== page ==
By Bailey Peterson | Editor in Chief
January 15, 2015
On November 23rd, 2014 the Ferguson Grand Jury announced their decision to not indict white police officer Darren Wilson for killing an unarmed black teenager, Michael Brown. Months later the verdict is still a controversial issue and will remain, as President Barrack Obama said, “a subject of great disagreement.”
Many of the details of Wilson and Brown’s fatal encounter will never be confirmed true or false, not only because one of key eyewitnesses is dead but also because it is a matter of “he said, she said”.
What we do know for sure?
Wilson did not know that Brown was a suspect in a robbery that had taken place the same night as the shooting. Wilson stopped Brown and his friend, Dorian Johnson, for walking in the middle of the street.
Despite suspected involvement in an early robbery, Brown and Johnson were unarmed.
All of the shots were fired at Brown’s front side, including the two fatal shots at Brown’s head
The police department did not take any body measurements at the scene
The police department did not interview the key witness, Johnson, until three days after the shooting
There have been three different autopsies conducted on the body of Michael Brown. The official autopsy performed by the St. Louis County Medical Examiner stated that Brown was shot in the hand at close range.
Defenders of Wilson argue this evidence supports Wilson’s claim that Brown struggled for his gun in the police vehicle. However medial experts around the country disagree with this conclusion.
Dr. Michael M. Baden, a highly-acclaimed forensic pathologist, argues that none of Brown’s wounds appeared to have been from shots fired at close range. He points out the absence of any gun shot residue on the body, meaning the gun was at least two to three feet away from Brown. Baden said the gun could have been “30 feet away”.
Police officials and eyewitness give completely different accounts of the shooting. Eyewitnesses say Brown was killed and shot with his hands up, facing the officer, in surrender position. Officer Wilson claims Brown was charging towards him when he fired the fatal shoots. Nonetheless, an excessive six shots were fired into the front of the unarmed teenager from the white police officer.
Wilson said his “life was in danger”, causing him to shoot, but police officers are trained to shoot to wound not to to kill.
The official toxicology found there was a presence of THC, an ingredient of marijuana, in Brown’s blood. However, this does not indicate that Brown was under the influence at the time of the death. THC can remain in a person’s blood days or even weeks after using marijuana.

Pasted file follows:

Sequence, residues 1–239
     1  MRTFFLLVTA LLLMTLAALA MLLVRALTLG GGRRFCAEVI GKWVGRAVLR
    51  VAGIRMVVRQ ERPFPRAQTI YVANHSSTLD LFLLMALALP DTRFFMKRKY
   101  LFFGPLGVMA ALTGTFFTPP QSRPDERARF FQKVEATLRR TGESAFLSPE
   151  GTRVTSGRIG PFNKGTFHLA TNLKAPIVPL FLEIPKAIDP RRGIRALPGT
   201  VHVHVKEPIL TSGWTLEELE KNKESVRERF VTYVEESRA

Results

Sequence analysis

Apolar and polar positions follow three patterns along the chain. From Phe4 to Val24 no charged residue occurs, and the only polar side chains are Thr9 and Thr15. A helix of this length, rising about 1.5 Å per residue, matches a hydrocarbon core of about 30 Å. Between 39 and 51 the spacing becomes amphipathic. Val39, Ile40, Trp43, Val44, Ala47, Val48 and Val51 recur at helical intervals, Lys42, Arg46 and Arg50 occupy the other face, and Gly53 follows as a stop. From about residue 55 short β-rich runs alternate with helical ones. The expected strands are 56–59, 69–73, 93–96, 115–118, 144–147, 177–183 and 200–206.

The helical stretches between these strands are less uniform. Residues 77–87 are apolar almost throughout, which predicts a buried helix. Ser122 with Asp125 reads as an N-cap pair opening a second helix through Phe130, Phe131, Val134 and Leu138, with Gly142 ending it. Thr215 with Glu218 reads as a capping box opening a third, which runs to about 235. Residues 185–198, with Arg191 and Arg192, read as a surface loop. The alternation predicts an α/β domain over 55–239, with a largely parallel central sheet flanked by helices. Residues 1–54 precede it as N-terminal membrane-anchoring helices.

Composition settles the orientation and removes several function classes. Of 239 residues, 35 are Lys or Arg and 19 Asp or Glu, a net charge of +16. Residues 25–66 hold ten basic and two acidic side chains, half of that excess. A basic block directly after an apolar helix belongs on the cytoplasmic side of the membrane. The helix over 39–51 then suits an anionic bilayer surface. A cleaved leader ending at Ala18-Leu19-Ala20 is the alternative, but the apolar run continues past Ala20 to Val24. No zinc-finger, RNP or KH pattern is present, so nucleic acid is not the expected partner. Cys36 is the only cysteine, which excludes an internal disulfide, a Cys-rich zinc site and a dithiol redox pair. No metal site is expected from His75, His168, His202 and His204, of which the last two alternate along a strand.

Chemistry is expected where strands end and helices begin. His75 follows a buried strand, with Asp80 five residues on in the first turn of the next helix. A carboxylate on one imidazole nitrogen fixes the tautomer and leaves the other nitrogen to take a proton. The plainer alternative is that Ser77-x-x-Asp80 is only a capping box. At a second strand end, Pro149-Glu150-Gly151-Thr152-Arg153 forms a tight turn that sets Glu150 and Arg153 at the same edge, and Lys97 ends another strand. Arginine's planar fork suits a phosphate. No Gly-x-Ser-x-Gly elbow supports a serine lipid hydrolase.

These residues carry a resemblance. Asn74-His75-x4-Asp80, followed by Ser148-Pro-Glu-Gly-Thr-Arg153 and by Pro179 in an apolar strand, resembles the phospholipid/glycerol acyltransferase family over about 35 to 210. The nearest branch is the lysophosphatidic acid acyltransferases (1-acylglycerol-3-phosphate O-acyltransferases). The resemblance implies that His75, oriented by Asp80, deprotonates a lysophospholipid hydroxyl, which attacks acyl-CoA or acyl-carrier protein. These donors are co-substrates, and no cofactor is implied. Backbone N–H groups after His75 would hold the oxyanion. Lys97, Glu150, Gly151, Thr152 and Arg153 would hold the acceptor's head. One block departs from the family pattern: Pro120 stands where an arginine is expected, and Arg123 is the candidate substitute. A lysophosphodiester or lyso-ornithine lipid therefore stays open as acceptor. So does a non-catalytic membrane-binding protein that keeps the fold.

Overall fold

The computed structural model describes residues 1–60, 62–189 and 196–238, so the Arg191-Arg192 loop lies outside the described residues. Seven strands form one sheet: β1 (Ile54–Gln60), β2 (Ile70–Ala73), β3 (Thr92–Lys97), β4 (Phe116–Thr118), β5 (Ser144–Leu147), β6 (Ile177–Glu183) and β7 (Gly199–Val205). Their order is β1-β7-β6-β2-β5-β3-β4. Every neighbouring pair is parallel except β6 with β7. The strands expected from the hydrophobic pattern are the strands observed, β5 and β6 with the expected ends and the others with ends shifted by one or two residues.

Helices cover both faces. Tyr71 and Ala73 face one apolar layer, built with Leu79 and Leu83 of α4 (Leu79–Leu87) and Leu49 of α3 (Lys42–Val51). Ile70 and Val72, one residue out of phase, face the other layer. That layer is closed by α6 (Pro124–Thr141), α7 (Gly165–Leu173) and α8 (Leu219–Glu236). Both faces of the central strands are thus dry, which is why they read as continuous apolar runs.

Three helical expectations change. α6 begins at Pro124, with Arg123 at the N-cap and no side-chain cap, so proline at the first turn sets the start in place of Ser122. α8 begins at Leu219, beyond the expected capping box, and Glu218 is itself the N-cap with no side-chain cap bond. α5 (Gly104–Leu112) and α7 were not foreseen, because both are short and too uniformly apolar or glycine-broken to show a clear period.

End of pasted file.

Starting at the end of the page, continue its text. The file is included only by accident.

As Jonathan Caulkins of Carnegie-Mellon University noted, “marijuana use is not associated with elevated levels of violence the way that alcohol or even cocaine are.” Therefore the finding that Brown may have been under the influence reveals very little about how or why the situation escalated between Wilson and Brown.
The Ferguson police department, where Wilson worked and had personal relationships with officers, including the Police Chief, handled the early investigation of the case. The local police department conducted the initial investigation of the crime scene until things were handed over to the St. Louis Police Department.
Ferguson was already a city with racial tension and a great amount of distrust between the police and the racial minorities. 67% of Ferguson’s residents are black, making Ferguson a majorly black town.
However, this is not reflected in the racial makeup of the city’s officials. Ferguson has a white mayor, five out of six city council members are white, six out of seven school board members are white, and only 3 out of the 53 Ferguson police officers are black.
As evidenced by these facts, city office holders do not represent the true demographics of Ferguson’s residents. This is problematic in creating a racial barrier between officials and the citizens.
Supporting the claim that Brown had his hands up with the intention to surrender, people around the country are using the “hands up, don’t shoot” gesture as a protest slogan and symbol. Professional athletes, musicians, performers and even Congressional staffers have used this gesture as a way to explicitly show objection to the Ferguson decision.